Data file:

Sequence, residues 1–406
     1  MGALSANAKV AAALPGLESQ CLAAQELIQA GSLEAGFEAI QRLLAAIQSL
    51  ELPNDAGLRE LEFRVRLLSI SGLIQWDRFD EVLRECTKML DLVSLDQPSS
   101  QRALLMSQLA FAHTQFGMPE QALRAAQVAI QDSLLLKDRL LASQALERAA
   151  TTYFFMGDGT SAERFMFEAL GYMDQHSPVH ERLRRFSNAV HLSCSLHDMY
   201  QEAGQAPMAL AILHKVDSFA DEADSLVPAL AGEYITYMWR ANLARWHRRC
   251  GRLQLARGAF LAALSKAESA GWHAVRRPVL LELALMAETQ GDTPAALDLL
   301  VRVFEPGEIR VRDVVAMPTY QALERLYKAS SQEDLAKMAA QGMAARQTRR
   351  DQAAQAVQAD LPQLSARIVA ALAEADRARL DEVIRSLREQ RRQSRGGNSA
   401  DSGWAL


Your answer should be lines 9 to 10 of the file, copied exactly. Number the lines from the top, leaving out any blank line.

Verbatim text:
   351  DQAAQAVQAD LPQLSARIVA ALAEADRARL DEVIRSLREQ RRQSRGGNSA
   401  DSGWAL